The long-term course of seizure susceptibility in two patients with juvenile myoclonic epilepsy

Hiroo Matsuoka, Takeo Takahashi, Masaichi Sasaki, Sumiko Yoshida, Yohtaro Numachi, Mitsumoto Sato

Research output: Contribution to journalArticlepeer-review

18 Citations (Scopus)


We have observed epileptic seizures of juvenile myoclonic epilepsy (JME) to be surprisingly sensitive to higher mental activity. The purpose of the present study was to examine changes over time in seizure susceptibility in two patients with JME who we followed-up for over 20 years. During the period, they were repeatedly subjected to provocative cognitive tasking, that is, to 'neuropsychological EEG activation'. Tasks included reading, speaking, writing, written arithmetic, mental calculation, and spatial construction. During the first 15 years after the onset of symptoms, higher mental activities, mainly associated with use of the hands, i.e. writing, written calculation, and spatial construction, as well as physiological factors, such as sleep deprivation, awakening, and fatigue, precipitated the seizures. Generalized tonic-clonic and absence seizures but not myoclonic seizures disappeared almost completely after antiepileptic treatment. After age 30, the provocative effect of higher mental activities persisted, and the myoclonic seizures decreased under same drug regimen. These observations suggest that the pathophysiology of JME improves with time but persists for a long time, and that it is closely related to a neural network involved in higher mental activities mainly associated with use of the hands rather than in physiological factors emphasized in prior reports.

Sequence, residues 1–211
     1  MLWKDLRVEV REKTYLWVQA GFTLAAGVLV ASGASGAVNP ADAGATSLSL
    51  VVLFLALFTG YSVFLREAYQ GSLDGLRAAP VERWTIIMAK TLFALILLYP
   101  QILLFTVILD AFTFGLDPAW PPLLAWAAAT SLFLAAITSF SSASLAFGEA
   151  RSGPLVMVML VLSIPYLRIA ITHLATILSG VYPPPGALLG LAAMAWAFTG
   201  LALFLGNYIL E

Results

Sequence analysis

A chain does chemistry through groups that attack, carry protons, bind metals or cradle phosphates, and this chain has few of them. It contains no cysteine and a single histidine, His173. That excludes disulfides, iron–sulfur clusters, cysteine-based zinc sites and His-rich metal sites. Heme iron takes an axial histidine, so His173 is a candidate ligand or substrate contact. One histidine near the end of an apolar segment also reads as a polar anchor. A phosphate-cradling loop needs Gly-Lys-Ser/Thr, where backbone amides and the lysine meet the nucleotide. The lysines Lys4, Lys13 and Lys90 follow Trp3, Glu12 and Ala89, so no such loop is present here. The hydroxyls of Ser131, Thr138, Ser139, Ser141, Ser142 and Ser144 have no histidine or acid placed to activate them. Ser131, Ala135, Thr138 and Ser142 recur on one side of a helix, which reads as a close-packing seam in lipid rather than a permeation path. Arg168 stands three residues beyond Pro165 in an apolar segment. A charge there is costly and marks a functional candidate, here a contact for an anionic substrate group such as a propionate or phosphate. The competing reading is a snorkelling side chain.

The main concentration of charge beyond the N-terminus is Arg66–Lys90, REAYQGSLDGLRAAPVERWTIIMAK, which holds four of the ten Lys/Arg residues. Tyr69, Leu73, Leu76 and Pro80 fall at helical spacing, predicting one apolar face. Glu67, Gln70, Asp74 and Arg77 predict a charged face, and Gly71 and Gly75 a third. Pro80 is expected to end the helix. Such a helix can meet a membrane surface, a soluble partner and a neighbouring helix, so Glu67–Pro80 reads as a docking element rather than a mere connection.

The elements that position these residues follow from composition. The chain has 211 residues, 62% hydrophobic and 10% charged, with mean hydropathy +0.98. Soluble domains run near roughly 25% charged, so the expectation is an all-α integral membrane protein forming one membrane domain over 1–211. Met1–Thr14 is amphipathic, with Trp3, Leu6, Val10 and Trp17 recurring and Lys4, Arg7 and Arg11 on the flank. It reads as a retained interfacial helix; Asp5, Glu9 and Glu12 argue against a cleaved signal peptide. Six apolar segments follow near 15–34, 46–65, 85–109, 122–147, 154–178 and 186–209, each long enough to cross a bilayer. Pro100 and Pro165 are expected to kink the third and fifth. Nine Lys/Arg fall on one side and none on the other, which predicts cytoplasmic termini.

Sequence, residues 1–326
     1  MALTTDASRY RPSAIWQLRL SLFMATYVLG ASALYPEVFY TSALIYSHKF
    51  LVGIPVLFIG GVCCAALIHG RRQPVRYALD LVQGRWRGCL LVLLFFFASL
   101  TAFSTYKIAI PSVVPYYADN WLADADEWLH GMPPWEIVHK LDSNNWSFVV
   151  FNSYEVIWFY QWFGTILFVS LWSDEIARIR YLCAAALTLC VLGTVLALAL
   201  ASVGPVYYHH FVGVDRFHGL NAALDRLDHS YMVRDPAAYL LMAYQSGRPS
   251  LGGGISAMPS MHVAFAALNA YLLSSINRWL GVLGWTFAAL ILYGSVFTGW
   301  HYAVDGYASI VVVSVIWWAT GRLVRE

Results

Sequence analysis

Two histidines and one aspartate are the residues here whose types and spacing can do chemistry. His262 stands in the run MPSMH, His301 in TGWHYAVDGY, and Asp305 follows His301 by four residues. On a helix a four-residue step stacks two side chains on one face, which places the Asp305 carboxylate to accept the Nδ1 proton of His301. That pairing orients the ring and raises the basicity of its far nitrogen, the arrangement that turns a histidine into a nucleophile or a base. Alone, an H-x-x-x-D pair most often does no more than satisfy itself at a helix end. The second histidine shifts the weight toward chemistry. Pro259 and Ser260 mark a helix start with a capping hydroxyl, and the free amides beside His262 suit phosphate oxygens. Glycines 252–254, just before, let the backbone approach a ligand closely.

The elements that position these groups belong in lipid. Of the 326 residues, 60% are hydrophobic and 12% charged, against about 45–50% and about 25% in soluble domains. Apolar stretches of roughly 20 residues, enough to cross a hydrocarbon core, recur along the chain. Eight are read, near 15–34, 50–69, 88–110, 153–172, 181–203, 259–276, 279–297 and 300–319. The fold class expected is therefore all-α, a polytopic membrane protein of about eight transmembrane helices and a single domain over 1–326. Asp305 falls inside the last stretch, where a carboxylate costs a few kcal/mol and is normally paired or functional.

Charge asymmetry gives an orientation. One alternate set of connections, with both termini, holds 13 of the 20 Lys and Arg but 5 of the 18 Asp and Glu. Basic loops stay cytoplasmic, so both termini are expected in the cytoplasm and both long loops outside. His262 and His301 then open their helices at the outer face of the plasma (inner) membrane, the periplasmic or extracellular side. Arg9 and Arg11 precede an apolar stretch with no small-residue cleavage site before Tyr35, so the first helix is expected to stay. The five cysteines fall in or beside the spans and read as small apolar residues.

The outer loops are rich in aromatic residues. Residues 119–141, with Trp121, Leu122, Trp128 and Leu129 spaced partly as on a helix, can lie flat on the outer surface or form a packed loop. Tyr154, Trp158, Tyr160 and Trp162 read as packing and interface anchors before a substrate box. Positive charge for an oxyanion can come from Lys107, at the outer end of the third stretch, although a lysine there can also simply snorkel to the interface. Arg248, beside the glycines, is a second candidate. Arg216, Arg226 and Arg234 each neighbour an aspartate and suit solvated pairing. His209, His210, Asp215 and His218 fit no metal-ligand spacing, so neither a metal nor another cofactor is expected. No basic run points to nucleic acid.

Original languageEnglish
Pages (from-to)126-130
Number of pages5
Issue number2
Publication statusPublished - 2002


  • Juvenile myoclonic epilepsy
  • Long-term follow-up
  • Myoclonic seizure
  • Neuropsychological EEG activation
  • Seizure precipitation

ASJC Scopus subject areas

  • Neurology
  • Clinical Neurology


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